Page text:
A post shared by Harry Hains (@harryhains) on

Q: Given the intense culture war we are currently seeing in America society, do you feel art like yours is as important as ever?

A: Absolutely, everyone is fighting for their voice to be heard and mostly that has been a wonderful thing whereby those oppressed and those within minorities are starting to be recognised the way they should. Hence why this project and ANTIBOY as a whole matters, because it envisions a world outside our current “design”, in a future that no longer has our issues, one where terms and social concepts like race, gender and sexuality no longer exist.

This creates a society where there is only raw, vulnerable human beings, a single species, not divided by a specific attribute, rather coming together without prejudice of qualities that we today decided some make us better than the other. When in fact, we are all the same.

Q: You had a lot of experience in the world of fashion and modelling before moving into acting. How did that experience help you grow and prepare for on camera roles?

A: Modelling was an important stepping stone for me because it gave me the confidence and self-esteem, as well as reassurance as to who I am.

There is nothing more important in this world than confidence. I couldn’t care less as to what people think of me today, it’s not important and so I can feel free to do whatever I feel inclined to do.

I can try new things and careers and not care if I’m bad at the beginning or if I mess up, and I can go out and express myself through fashion and not care about judgment, and not feel embarrassed to wear makeup and a dress since I see all clothing as unisex. I dress for myself, and because of my attitude and the way I feel, rather than what someone else feels is what dictates my actions, people seem to gravitate towards that.

That’s something I wish people would have more of: confidence, because it can get you further in life. People find insecurities and self-doubt a turn off, but if you can own every quality you have, the good and bad, and accept it, really accept it, you will be able to do anything.

Q: You were recently nominated for an award by the New Filmmaker’s of LA following your performance in Diana Cognoni’s ‘Lulu’. I believe the film address issues of gender and sexual abuse. What interested you about this role and the character of Lulu?

A: Lulu can be read in different ways, but to me it is a film about abuse and coping mechanisms, causing a split in one’s personality. The split in this is the masculine and feminine self, whereby the latter was the one that was created to be the less emotional one, the tougher one, the more callous, manipulative and at times more playful one.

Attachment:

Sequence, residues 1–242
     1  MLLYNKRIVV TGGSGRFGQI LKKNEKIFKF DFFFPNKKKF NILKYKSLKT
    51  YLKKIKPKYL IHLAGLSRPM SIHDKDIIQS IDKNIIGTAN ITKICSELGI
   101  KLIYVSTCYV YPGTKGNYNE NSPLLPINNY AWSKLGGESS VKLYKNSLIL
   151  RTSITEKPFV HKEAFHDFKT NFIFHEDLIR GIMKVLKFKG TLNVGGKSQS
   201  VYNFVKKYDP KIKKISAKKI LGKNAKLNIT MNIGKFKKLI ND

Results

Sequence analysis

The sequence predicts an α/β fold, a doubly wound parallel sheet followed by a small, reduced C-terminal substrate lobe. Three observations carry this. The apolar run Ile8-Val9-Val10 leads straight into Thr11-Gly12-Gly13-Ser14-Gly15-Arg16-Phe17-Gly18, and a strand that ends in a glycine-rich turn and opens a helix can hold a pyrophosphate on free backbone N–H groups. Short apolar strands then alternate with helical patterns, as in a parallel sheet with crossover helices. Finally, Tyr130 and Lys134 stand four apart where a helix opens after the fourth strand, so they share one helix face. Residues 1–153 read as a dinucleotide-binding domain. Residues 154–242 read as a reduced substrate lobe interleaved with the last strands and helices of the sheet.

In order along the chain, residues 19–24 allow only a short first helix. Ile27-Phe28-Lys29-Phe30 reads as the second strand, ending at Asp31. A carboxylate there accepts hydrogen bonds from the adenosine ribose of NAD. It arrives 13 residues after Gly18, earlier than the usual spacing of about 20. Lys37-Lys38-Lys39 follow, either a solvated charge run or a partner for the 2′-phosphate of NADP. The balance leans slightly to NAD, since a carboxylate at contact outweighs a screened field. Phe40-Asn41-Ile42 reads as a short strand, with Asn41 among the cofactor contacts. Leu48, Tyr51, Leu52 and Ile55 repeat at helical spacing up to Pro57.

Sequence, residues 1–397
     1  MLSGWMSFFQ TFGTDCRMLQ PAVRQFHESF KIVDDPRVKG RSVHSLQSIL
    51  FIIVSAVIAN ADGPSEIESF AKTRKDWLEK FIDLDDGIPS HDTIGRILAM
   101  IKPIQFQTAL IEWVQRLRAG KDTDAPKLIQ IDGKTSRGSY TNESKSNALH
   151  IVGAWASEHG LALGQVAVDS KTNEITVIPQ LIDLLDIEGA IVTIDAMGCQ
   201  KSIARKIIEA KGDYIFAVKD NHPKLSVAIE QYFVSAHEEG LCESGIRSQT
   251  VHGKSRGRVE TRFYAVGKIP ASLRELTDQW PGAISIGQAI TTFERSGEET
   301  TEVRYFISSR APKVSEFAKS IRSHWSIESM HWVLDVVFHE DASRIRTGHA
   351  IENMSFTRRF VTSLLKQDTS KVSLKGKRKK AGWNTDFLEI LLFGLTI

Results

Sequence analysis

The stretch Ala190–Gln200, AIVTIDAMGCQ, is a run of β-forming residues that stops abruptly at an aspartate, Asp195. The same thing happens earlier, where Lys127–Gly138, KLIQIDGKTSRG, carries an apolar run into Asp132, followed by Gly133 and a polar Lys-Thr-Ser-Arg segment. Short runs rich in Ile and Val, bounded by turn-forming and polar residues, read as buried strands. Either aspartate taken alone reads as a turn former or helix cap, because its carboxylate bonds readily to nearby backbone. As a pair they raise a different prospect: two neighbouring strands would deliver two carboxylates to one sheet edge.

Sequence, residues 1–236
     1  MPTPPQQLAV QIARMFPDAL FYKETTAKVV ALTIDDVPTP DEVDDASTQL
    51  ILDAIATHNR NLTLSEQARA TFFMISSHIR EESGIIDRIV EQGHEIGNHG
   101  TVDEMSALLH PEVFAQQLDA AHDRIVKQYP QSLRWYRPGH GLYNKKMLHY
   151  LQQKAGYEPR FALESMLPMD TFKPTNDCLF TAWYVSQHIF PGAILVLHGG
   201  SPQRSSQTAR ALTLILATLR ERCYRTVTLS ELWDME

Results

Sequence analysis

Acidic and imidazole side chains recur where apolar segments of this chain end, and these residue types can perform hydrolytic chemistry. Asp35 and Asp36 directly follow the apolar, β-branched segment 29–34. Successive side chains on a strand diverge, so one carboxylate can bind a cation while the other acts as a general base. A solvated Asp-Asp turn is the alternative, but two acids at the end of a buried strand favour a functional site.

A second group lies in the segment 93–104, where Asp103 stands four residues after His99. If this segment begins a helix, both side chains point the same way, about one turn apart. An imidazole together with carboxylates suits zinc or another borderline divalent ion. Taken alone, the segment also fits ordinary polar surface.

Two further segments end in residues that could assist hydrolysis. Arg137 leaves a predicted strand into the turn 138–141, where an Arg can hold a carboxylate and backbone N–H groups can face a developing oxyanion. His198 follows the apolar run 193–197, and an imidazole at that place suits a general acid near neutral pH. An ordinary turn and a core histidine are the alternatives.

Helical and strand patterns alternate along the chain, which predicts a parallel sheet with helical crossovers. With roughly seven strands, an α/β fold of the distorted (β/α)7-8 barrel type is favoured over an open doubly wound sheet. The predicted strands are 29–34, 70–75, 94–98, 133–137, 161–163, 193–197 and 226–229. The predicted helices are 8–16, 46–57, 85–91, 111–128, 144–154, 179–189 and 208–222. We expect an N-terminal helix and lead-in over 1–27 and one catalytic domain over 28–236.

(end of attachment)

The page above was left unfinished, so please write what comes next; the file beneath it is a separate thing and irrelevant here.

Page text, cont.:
Although these are not typically all standard “female” attributes, the film shows we all have a feminine side and a masculine side, and these can be demonstrated in various ways, his male self was the weaker and more sensitive and emotional side.

We can’t keep dictating what it means to be a man or a woman, as it creates unhealthy behaviours. A man or a woman could have the same traits, and these could both be seen as masculine or feminine, the ideology of the strong man and the weak, sensitive is wrong and needs to be discontinued from our thoughts, and gladly it’s started to.

It was such an interesting and challenging role, to really get into the mind of a tortured soul, where I played two different people. These are not “characters” to me, but reflections of different parts of myself, as I make the roles as real as possible, I relate to them, I feel what they feel and put myself in their positions.

This was a very emotional shoot while my head was in this space, and difficult to shoot, but the director, Diana Cignoni, was truly wonderful, tough on set, but brilliant – no one else could have directed it like she did.

Q: Michael Matteo Rossi’s ‘Chase’ has already been picking up awards. From we’ve seen on your Instagram, it looks like you are involved in a few intense scenes. How do you typically prepare for a role?

A: This was another intense shoot actually! I had an extremely intense scene in this film, well everything we shot was — but in a different way to Lulu, as that was more an internal struggle, whereas this was more of a physical one, literally.